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What’s the TikTok Ban Really About?

What’s the TikTok Ban Really About?
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Picking up where the RESTRICT Act left off, a new bill supposedly aimed at banning TikTok gives the federal government broad powers to control how we communicate. Action Alert!


  • Legislation effectively banning TikTok is rocketing through Congress.
  • The bill contains broad provisions that not only ban TikTok or any other app or platform related to its Chinese parent company, ByteDance, but it allows the President the power to ban any other app or platform owned, even in part, by a so-called “foreign adversary” if it is deemed to be a national security threat.
  • While there are genuine concerns about data security of all online apps and platforms, this legislation puts us on a slippery slope to more authoritarian control over communication on the internet, and whatever you think of TikTok’s danger to US interests, this bill should be opposed given its powers are likely to curb our access to less censored free speech platforms.

Would you like to give the President of the United States unilateral power to control online information? Then the “Protecting Americans from Foreign Adversary Controlled Applications Act” is just the bill for you.

We wrote about a similar measure last year (the RESTRICT Act), and though some of the details differ, the overarching framework—and the threats to free speech contained therein—are largely the same. The bill is supposed to address the threat of TikTok and other information and communication technology platforms owned by its privately-owned parent company ByteDance, which was founded in Beijing, incorporated in the Cayman Islands, and apparently “has over 150,000 employees based out of nearly 120 cities globally, including Austin, Barcelona, Beijing, Berlin, Dubai, Dublin, Hong Kong, Jakarta, London, Los Angeles, New York, Paris, Seattle, Seoul, Shanghai, Shenzhen, Singapore, and Tokyo.” Whether you believe TikTok should be banned or not, this bill is a massive overreach and, as some have contended, is a gift to the Deep State.

The bill creates the mechanism to ban TikTok by stating that any “foreign adversary controlled application” must divest from its parent company within six months or face federal prohibition.

But this goes beyond just TikTok. The bill defines a “foreign adversary controlled application” as a website or app that is operated by ByteDance (the parent company of TikTok), TikTok, or any of their subsidiaries. So far, so good. But also included in this definition is a company that is “controlled by a foreign adversary” that is determined by the President to “present a significant threat to the national security of the United States.” We won’t get into the weeds about what it means for a company to be “controlled” by a foreign adversary, but the language is vague enough to give the federal government plenty of leeway.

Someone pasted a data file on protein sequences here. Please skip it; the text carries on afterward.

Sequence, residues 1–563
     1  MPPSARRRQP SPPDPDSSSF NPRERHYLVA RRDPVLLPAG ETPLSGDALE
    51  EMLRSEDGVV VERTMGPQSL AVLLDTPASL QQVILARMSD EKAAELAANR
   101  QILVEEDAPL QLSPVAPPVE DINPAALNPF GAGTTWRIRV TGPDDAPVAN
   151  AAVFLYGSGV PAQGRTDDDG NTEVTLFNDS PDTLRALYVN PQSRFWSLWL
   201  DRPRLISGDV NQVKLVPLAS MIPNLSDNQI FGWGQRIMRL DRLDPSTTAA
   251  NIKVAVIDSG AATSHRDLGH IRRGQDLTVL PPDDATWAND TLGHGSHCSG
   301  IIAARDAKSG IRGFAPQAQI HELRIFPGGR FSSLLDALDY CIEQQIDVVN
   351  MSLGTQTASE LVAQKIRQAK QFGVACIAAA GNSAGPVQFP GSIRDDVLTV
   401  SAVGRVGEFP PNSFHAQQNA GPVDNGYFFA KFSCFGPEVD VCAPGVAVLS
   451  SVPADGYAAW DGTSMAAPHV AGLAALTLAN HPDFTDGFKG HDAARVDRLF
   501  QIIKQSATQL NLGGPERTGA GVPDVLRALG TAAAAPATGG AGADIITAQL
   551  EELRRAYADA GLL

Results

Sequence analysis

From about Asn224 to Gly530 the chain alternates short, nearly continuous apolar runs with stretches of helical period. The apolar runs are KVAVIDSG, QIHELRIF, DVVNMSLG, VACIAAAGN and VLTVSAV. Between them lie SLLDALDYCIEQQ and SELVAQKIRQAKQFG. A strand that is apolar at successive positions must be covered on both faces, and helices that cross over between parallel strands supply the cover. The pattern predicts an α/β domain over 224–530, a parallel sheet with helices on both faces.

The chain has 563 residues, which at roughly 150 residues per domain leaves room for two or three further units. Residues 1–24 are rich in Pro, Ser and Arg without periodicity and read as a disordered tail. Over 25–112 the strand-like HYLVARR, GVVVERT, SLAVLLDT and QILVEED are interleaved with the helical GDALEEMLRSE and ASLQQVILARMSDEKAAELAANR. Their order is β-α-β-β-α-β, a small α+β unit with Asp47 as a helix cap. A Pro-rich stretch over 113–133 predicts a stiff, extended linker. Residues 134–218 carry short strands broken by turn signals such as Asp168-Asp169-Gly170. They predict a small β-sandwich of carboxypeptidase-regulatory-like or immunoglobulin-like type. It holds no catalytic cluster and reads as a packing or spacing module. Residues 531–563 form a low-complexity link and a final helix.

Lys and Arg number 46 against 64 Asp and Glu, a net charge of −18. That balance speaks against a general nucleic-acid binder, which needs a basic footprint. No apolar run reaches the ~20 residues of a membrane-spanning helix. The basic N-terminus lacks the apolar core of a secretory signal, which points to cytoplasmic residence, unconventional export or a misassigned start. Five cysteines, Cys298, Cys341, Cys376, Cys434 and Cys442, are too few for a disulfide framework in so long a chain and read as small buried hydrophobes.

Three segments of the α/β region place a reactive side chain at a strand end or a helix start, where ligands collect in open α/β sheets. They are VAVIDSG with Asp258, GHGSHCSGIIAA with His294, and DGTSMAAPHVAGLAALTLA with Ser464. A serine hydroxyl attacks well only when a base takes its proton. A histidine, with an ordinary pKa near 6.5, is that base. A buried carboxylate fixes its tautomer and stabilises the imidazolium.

Whatever you may think of the threat posed by Chinese ownership of TikTok to the United States, and the 120 million Americans who currently use the short video app, the provisions in this bill are broad enough to give the government—and especially the incumbent president—significant new powers to censor and control communications on the internet.

This bill is on the move. It passed unanimously out of the House Energy and Commerce Committee in a 50-0 vote and passed the full House with an impressive 352-64 margin. It is supported by President Biden and the national security apparatus.

One of the main points we made in opposition to the RESTRICT Act was the danger of a slippery slope: today, the “national security threat” is China and TikTok, but what’s next?

Consider this example: an encrypted messaging app called Telegram was used by grassroots activists to organize the Worldwide Freedom Rally in 2022, a pushback against lockdowns and the removal of civil liberties, as well as other grassroots protests. Authoritarians don’t like this because they cannot monitor the communications on these encrypted messages to snuff out or disrupt challenges to state power. If Telegram was based in a country deemed a “foreign adversary”—or had 20% or more ownership by nationals from a foreign adversary country (currently considered under 10 U.S. Code § 4872 to be China, North Korea, Iran, and Russia)—the federal government can shut it down. Guess what, Telegram is owned by freedom supporting Russian nationals, Nikolai and Pavel Durov. So that could be banned too. What next? Would we all have to put our trust in the likes of Mr. Zuckerberg?

Any legislation that gives the government such broad powers to act against vaguely defined threats to national security should give us all pause, especially if we look at the record for how these types of measures evolve once they are enacted. If this passes, it becomes even easier for the government expand the entities that are subject to this type of authoritarian control. Maybe apps or websites that allow the dissemination of natural health information during a “public health emergency” start to be considered national security threats. These things tend to start small and then snowball while no one is looking—all in the name of “protecting us.”

We cannot so easily give up our hard fought liberty and freedom of speech.

Action Alert! Write to Congress and tell them to oppose the Protecting Americans from Foreign Adversary Controlled Applications Act. Please send your message immediately.

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